In the old days, I used to stay at budget hotels on Interstate 26, between Greenville and Charleston, in South Carolina, and on Interstate 85, between Greenville and Columbus, Georgia. Nearly all of them were run by Asians. Immigrants. They also ran nearly all of the convenience stores that lined the interstates. In Greenville, immigrants ran many of the fast-food restaurants, tailoring shops, and liquor stores—many of them from Greece or Lebanon.

Eric Hoffer writes in his landmark book True Believer, that the most important ethnic distinction is not between one ethnic group and another, but between assimilated and unassimilated immigrants. Hoffer, himself an immigrant from Europe, makes a number of discerning observations about the immigrant American and his encounter with the new culture—language, skin color, traditions, and religious practices.

But it goes beyond that. The immigrant has to either interact with the new culture, or draw back and resist assimilation. The Asians who run the hotels and convenience stores on the interstates serve as the best examples of assimilation. I would see their children in the late afternoon seated in the lobby of the hotel doing their homework. No doubt, they went to college and excelled; so that, if you ring the Google or Microsoft customer-service number, you may actually speak to them.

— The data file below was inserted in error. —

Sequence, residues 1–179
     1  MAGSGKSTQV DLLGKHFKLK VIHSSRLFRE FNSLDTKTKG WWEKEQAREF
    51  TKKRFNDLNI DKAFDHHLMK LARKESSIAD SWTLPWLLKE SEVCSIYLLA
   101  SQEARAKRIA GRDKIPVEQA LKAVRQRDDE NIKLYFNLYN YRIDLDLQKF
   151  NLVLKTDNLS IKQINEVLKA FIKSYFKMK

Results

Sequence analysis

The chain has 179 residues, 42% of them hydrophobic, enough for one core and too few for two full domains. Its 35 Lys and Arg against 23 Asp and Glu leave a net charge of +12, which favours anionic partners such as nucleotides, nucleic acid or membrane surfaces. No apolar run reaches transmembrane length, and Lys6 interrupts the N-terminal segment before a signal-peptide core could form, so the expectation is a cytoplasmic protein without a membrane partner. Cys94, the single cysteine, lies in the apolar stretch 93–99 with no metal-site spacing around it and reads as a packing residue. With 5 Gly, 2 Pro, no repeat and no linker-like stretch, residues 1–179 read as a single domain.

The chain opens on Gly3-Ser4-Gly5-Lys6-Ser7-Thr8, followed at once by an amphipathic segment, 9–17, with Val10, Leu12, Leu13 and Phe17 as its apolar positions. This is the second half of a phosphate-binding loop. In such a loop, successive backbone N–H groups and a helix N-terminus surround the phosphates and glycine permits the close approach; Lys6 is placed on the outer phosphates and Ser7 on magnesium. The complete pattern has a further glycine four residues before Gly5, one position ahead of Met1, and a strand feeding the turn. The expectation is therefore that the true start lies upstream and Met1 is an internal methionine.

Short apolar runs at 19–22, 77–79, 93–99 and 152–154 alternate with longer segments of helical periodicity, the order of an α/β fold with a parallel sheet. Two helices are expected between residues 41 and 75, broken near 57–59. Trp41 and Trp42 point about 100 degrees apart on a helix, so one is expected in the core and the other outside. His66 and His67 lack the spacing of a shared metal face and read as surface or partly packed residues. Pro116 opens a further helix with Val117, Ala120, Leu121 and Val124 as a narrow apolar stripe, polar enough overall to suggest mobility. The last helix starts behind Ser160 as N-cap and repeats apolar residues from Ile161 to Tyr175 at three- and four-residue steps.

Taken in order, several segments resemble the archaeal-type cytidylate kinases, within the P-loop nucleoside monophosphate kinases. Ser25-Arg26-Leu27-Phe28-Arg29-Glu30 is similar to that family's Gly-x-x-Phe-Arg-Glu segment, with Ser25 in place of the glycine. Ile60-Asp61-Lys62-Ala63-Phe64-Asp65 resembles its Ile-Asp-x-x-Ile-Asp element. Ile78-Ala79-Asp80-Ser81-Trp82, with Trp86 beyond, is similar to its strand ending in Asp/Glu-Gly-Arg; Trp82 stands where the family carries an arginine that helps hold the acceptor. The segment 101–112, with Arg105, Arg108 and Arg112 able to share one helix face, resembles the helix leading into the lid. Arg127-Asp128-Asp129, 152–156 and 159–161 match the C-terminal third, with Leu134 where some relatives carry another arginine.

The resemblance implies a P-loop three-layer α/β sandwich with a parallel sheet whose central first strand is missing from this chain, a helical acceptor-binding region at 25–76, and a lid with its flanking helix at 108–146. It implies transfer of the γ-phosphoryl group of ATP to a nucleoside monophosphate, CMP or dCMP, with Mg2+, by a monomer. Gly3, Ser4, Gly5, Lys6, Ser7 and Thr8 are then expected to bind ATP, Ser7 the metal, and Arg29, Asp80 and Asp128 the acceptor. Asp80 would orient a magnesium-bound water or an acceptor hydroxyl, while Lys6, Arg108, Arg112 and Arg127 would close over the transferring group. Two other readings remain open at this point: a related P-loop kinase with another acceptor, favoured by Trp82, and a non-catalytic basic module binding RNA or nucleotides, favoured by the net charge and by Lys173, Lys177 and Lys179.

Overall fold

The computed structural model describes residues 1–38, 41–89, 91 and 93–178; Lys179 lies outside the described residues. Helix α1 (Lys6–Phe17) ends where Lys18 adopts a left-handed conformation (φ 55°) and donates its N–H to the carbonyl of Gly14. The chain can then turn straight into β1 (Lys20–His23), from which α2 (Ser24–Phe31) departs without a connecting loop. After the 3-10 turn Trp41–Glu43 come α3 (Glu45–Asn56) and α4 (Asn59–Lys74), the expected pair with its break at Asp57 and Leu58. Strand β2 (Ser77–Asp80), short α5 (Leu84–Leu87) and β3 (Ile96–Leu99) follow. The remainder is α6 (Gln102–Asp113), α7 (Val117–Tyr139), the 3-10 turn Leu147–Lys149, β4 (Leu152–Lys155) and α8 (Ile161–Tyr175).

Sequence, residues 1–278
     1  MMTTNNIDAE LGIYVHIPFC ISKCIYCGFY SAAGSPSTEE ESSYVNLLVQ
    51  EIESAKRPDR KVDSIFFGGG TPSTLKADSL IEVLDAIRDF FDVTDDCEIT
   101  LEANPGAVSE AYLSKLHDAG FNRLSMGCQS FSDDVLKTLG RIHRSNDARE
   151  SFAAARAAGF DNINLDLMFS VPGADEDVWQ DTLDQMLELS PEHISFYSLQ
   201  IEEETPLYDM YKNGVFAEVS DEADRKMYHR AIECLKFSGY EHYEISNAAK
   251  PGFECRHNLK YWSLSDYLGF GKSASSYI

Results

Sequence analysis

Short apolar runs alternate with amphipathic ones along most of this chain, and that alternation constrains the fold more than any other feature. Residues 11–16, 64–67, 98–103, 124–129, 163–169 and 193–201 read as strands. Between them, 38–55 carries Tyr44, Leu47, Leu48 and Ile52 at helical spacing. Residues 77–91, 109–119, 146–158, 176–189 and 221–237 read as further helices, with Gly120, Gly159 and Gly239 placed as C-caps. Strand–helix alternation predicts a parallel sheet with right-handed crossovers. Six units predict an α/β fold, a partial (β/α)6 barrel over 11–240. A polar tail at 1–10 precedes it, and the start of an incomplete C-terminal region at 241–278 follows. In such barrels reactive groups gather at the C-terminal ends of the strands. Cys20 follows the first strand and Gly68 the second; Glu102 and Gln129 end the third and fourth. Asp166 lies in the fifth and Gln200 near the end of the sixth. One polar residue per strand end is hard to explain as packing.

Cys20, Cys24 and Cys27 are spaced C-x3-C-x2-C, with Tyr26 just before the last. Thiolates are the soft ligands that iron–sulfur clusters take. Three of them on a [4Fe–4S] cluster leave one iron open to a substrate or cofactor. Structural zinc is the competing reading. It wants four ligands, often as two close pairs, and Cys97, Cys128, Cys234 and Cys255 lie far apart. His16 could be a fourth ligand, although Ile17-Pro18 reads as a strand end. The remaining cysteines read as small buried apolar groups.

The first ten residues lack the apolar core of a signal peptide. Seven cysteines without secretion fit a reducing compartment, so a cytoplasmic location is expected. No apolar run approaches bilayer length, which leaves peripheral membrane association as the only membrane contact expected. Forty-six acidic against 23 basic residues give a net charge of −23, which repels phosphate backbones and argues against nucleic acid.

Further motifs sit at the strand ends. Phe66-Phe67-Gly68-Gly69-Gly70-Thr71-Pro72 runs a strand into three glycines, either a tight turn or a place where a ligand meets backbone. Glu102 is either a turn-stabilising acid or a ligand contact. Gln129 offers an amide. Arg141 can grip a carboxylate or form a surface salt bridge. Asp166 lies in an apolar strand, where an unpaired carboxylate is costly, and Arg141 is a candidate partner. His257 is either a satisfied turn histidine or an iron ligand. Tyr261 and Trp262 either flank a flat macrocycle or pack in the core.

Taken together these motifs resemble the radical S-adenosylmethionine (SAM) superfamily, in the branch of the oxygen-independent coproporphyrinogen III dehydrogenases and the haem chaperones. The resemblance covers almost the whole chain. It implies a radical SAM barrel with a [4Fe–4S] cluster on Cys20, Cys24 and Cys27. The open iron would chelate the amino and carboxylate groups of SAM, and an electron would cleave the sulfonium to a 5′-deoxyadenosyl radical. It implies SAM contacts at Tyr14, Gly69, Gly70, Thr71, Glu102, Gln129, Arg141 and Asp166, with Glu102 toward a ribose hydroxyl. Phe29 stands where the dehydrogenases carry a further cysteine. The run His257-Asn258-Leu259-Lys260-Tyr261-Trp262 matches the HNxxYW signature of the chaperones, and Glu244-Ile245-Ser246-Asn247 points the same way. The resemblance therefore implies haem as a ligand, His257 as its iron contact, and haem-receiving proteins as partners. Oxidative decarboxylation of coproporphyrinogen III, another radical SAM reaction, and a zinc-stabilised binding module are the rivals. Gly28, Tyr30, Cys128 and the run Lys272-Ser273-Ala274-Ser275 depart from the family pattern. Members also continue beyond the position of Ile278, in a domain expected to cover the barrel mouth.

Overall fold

But Hoffer writes in Axiom 40 that the minority is in a "precarious position, however protected it be by law or force." It has an "unavoidable sense of insecurity", either intent on "dissolving in and blending with the majority", or "intent on preserving its identity". The minority that preserves its identity becomes "inevitably a compact whole that shelters the individual", that "gives him a sense of belonging and immunizes him against frustration. . . . In a minority bent on assimilation, the individual stands alone, pitted against prejudice and discrimination. He is also burdened with the sense of guilt, however vague, of a renegade."

In addition to that, Hoffer writes in his Axiom 39 that "unlimited opportunities" can daunt a person as easily as a lack of opportunity. "Even the preaching of revolution will find more response among people who see limitless opportunties spread out before them, than among those who move within a familiar pattern of existence."

However great the risks are for an assimilation-bound immigrant, hanging back from assimilation presents even greater risk. In Axiom 43, Hoffer writes that a minority that wants to remain whole in a contained social unit "induces and encourages an estrangement from the self." He continues that "frustration gives rise to the desire for unity and the readiness for self-sacrifice."

He adds that "the estrangement of self is usually accompanied by a train of diverse attitudes and impulses," such as a "deprecation of the present, a facility for make-believe, a proneness for hate, and a readiness to imitate." These impulses "crowd the minds of the intensely frustrated" and act as "unifying agents and prompters of recklessness." Remember that Hoffer writes all this in 1950, or right after World War II, but the words has equal topicality for the present.